The most interesting and eye-opening talks at EuroPython 2007 were probably Arlo Belshee’s talks on agile methodologies and his team’s experiments and results in that regard. The following blog posts summarizes what I learned from listening to his talks, doing his XP workshop, discussions with him, and digging up related information on the web (such as a paper and a podcast). I strongly believe this could be the next phase in how we develop software, and I hope I’ll be able to whet your aptetite for change as well
First, let’s get in the right mindset. Isn’t it amazing how much we don’t know about software development still?
- Why are some teams orders of magnitude more productive than others?
- Why is there such a huge variation in the quality of software developed?
- Why do some people love software development, while others hate it, and how come so many only discover which way they feel after they finish their software development degree?
- What’s the best methodology or process for developing software, and how come some methodologies say exactly the opposite?
I think this stems from a couple of issues:
- Software development is still a relatively young discipline
- We probably had the completely wrong starting point, thinking that software is anologous to construction engineering
- Despite wise men’s warnings, we’ve been looking for The One True Process, the Silver Bullet, that we can push on any team and take away the pain
It’s become more and more clear that software development is much more of a creative discipline than everyone thought at first, that it’s more about people adapting and learning than it’s about following a pre-determined process. And, since it’s about people, and since people are different, there isn’t any one process that’s going to work for all. So, if we can’t just adopt a process and become super-effective, what can we do?
After listening to Arlo it’s a bit obvious: we have to treat software development like a continuous science experiment: track what we care about (metrics), make changes, measure the impact, repeat ad nauseum.
Although we regularly or irregularly discuss process problems, this isn’t nearly enough:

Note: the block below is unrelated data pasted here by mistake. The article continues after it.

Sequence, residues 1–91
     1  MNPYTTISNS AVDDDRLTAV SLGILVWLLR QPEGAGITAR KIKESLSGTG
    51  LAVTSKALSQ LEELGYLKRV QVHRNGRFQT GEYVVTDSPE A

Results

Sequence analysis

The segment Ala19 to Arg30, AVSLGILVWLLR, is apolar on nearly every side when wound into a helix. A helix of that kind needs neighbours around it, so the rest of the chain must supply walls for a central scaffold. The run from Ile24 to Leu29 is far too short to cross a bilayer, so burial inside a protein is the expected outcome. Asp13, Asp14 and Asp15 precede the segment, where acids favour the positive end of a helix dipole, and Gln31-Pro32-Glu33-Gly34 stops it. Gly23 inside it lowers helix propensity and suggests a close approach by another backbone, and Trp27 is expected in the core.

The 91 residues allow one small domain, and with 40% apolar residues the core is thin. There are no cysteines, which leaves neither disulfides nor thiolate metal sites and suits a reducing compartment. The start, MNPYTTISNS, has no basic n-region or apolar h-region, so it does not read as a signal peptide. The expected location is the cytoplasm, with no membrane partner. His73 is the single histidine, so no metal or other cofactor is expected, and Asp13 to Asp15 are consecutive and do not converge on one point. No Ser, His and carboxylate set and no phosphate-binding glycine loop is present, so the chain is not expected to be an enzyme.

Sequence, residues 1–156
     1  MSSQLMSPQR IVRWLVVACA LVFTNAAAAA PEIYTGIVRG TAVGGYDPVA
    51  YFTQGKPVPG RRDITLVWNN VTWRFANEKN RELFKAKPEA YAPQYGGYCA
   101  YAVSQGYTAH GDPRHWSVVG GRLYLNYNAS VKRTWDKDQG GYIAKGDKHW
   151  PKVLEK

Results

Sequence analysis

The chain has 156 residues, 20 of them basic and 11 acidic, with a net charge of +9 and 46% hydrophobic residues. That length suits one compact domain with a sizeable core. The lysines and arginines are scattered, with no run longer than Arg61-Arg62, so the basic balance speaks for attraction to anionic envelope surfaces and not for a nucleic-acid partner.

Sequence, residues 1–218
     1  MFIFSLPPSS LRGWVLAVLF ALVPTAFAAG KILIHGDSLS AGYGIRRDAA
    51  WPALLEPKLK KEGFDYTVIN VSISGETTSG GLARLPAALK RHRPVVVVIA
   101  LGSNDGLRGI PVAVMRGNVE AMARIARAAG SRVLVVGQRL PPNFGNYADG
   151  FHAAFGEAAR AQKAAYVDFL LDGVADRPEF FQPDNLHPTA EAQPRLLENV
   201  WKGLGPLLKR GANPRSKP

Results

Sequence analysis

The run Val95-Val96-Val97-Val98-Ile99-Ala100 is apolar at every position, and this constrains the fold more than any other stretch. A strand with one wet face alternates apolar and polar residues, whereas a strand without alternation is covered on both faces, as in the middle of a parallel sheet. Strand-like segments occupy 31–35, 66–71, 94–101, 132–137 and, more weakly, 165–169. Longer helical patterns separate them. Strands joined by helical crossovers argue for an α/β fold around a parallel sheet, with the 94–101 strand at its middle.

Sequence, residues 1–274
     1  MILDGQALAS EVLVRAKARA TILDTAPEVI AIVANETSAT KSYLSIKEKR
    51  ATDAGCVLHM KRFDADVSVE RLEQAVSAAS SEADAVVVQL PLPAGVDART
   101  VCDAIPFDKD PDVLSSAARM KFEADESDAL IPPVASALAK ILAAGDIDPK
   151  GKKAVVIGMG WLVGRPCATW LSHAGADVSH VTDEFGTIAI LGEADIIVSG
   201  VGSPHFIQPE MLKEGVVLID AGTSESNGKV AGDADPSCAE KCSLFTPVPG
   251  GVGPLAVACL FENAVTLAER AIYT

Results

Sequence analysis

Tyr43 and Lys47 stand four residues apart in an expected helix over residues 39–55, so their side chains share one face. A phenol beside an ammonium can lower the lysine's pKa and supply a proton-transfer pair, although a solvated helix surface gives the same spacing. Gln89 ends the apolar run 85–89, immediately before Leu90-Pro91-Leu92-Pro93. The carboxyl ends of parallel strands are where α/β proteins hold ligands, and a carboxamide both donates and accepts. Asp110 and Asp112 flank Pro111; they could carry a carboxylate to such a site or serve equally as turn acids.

- We don’t objectively measure the impact of changes. We need metrics.
- We’re reactive, focusing on fixing things, instead of proactive, focusing on experimenting.
- We’re not brave enough with the changes we do. We should be extreme so we can see extreme impacts.
- We don’t talk about process frequently or regularly enough. We don’t learn quickly.
Safe is for weenies
So, as long as we have this continuous improvement built in, no matter what process we start with, slowly over time we’ll inevitably gravitate towards the most optimal process for the team we’re in.
How do we get started?
Before we start making big changes, we need to make sure we will be able to tell if the change is good or not. We need to identify what we care about, and track it in some objective way. We need metrics.
Arlo’s team identified three aspects with simple metrics associated with them:
Productivity. A team is productive if they can get the same amount of work done more quickly. If the way we estimate work remains constant, we should be able to see changes in how much work we get done. Arlo suggests not using hours but instead something more abstract; they use something called story points. If we use hours, let’s at least differentiate these hours from actual hours. We’re interested in precision and predictability, not accuracy. In any case, however we express it, what we’re talking about is the team’s Velocity, how much work they can get done in a sprint.